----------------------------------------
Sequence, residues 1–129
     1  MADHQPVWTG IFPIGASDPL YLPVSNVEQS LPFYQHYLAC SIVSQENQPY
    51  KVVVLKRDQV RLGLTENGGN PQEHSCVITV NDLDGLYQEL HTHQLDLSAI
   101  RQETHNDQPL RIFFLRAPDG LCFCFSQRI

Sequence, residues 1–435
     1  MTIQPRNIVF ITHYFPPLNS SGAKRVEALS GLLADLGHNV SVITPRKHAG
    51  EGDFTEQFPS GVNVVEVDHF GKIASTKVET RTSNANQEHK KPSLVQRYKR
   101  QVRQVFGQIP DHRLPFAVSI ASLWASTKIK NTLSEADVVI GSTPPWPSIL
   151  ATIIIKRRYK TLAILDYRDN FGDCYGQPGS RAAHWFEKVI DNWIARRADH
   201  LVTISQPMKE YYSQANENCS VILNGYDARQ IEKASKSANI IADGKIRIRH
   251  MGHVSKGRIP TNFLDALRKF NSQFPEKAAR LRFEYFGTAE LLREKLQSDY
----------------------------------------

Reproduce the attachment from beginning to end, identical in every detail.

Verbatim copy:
Sequence, residues 1–129
     1  MADHQPVWTG IFPIGASDPL YLPVSNVEQS LPFYQHYLAC SIVSQENQPY
    51  KVVVLKRDQV RLGLTENGGN PQEHSCVITV NDLDGLYQEL HTHQLDLSAI
   101  RQETHNDQPL RIFFLRAPDG LCFCFSQRI

Sequence, residues 1–435
     1  MTIQPRNIVF ITHYFPPLNS SGAKRVEALS GLLADLGHNV SVITPRKHAG
    51  EGDFTEQFPS GVNVVEVDHF GKIASTKVET RTSNANQEHK KPSLVQRYKR
   101  QVRQVFGQIP DHRLPFAVSI ASLWASTKIK NTLSEADVVI GSTPPWPSIL
   151  ATIIIKRRYK TLAILDYRDN FGDCYGQPGS RAAHWFEKVI DNWIARRADH
   201  LVTISQPMKE YYSQANENCS VILNGYDARQ IEKASKSANI IADGKIRIRH
   251  MGHVSKGRIP TNFLDALRKF NSQFPEKAAR LRFEYFGTAE LLREKLQSDY